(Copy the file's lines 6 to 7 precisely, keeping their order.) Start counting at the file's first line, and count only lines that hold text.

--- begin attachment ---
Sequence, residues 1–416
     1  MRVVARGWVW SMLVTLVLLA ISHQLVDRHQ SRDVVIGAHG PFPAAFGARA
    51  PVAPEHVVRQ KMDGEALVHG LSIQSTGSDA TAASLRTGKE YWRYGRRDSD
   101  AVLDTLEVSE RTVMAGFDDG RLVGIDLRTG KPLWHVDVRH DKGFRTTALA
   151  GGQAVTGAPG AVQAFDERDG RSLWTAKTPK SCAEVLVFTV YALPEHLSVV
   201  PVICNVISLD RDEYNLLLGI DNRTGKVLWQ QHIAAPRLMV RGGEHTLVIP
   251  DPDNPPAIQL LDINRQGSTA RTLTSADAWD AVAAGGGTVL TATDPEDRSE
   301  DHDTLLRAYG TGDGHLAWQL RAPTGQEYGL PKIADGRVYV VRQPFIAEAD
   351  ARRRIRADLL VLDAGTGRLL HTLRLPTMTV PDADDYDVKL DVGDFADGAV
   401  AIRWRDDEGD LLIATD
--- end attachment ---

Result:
   201  PVICNVISLD RDEYNLLLGI DNRTGKVLWQ QHIAAPRLMV RGGEHTLVIP
   251  DPDNPPAIQL LDINRQGSTA RTLTSADAWD AVAAGGGTVL TATDPEDRSE